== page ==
Freaked out Dots

Annie! I remember the first time I heard Arundhati Roy’s name. It was in 1996-97 when she won the Booker Prize for her novel, The God of Small Things. It was considered as a major achievement by a young novelist, Indian, mind you at that time. I still remember her frozen image on the TV screen, the curls dominating her delicate face something about which made her so different and stand out from the crowd.

About a decade later, I entered Architecture school. I was still fascinated and hugely obsessed with her. She became a one time writer, published that one and only novel, won the booker and was an architect by education. It was enough to be transfixed with her. In the very first week of architecture school, we, first years were gathered in the big seminar hall and shown “In which Annie gives it those ones”. When I saw the title I thought, what kind of absurd grammar error was that. Then, Arundhati Roy’s name flashed on the screen and I kept my patience. The movie seemed quite rubbish at that point to me because it showed the ugly side of architecture not the fascinating version I had in my head. Of course, my opinion about Roy hadn’t changed much even after the movie. I considered her quite the rebel that she was. The freaked out dots made their impression. Little did I know that in another decade, I would be called as someone bearing resemblance to Roy in my thoughts about Architecture.

In 2010, after completing Architecture school, I got hold of “In which Annie gives it those ones” and this time when I saw it, I resonated with each and every moment of that frustrated architecture scenario in India. The movie was from about 25 years ago, yet nothing had changed in our country. Roy, unsurprisingly had retained and sharpened her firebrand attitude along with the writing. I had been reading most of her work, articles in magazines, even attended her lectures that addressed Capitalism and Caste in Mumbai, debated with architecture friends on her thoughts and mine. We had fierce and fiery arguments in the college canteen and workshop where students dunked a basket ball through the timber trusses and dented them forever. Cheap plastic Chai cups and Maggi plates lined the student built brick forums and broken t-scales found their way everywhere. Those were the days! We still gave them “those ones”– bullshit theories on circular buildings and orientation of balconies with glass facades and iconic skyscrapers while parroting Charles Correa’s Kanchenjunga design principles. Design teachers spew the same old “concept” card at us, building technology classes saw endless doodling that featured in the college newsletter and the craziest ever sob stories on unfinished design sheets and models.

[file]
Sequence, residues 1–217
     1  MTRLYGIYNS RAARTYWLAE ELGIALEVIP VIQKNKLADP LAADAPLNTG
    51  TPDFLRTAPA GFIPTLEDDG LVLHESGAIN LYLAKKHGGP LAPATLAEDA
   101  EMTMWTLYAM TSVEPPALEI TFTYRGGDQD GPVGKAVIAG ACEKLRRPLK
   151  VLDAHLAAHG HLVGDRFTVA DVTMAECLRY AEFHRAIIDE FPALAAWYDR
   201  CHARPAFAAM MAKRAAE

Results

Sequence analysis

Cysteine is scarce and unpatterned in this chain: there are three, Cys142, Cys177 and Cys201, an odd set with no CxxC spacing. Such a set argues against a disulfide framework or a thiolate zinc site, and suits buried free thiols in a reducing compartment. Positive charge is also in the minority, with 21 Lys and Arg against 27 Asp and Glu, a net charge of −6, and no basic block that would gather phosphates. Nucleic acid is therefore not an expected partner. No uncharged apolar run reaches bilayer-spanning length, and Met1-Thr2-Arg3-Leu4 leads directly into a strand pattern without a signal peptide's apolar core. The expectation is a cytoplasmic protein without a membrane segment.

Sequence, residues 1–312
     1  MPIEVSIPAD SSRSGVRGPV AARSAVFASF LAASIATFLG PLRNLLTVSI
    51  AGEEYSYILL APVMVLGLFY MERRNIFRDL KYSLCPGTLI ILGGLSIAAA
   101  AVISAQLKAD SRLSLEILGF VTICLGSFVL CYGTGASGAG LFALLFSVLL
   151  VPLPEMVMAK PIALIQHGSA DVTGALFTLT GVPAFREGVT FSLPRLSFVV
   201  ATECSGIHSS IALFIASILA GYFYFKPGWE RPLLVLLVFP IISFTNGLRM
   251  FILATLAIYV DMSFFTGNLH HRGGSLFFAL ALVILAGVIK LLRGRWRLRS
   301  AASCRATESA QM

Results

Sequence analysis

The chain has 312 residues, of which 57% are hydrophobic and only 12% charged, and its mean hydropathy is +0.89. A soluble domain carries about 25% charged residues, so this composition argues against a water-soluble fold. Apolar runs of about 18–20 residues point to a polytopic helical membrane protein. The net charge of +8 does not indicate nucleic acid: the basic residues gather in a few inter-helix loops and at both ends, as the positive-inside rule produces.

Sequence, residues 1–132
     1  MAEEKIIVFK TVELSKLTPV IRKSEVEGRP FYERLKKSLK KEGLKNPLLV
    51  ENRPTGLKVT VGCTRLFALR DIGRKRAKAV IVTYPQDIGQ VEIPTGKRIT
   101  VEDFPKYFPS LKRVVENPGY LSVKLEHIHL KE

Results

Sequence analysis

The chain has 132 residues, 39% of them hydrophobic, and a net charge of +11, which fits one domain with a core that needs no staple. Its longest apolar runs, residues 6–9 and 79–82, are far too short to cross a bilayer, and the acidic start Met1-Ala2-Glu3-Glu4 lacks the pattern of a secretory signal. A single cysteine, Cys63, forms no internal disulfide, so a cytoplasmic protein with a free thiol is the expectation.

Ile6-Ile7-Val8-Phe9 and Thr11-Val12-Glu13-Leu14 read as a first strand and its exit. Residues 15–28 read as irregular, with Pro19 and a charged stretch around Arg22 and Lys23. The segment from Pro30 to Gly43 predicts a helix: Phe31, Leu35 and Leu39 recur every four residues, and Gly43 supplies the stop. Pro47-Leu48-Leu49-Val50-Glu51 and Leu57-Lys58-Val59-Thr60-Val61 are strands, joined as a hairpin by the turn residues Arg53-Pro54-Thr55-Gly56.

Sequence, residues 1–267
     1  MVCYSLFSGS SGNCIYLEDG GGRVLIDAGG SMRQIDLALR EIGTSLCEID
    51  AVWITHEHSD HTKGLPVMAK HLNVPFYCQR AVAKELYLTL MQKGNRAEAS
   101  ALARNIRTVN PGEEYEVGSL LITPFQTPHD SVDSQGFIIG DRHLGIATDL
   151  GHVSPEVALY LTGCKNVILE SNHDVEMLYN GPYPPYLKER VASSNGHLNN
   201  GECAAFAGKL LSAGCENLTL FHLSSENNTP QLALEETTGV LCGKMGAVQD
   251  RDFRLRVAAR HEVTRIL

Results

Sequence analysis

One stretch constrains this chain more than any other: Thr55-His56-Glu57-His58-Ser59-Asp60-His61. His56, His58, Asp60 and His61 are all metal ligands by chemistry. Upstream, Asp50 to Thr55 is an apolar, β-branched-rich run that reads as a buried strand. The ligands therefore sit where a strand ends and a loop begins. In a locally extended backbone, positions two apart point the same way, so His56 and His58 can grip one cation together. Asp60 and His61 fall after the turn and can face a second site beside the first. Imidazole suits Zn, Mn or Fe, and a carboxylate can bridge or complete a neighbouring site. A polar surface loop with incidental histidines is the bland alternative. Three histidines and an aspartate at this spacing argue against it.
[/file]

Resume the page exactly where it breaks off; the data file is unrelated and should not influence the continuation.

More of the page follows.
How did we survive? Honestly, it’s not something that can be explained in words. It requires flashbacks into countless memories and heads that turned sleepy and bright on any given day in the leafy enclave of the city. Everybody feels like Annie these days! Me included. Miss that rush of running throughout the studio and lecture rooms and alternating between different floors just on the pretext of finding people for their attendance. That part is over now. Long gone. The wildest have survived and sobered and the confused have gone berserk. Architecture does that, Annie did that then and he does it now. Hardly surprising to see Annie back into the news again after more than four decades, sprightly up and doing what he did best in the movie- Give “it” those ones!


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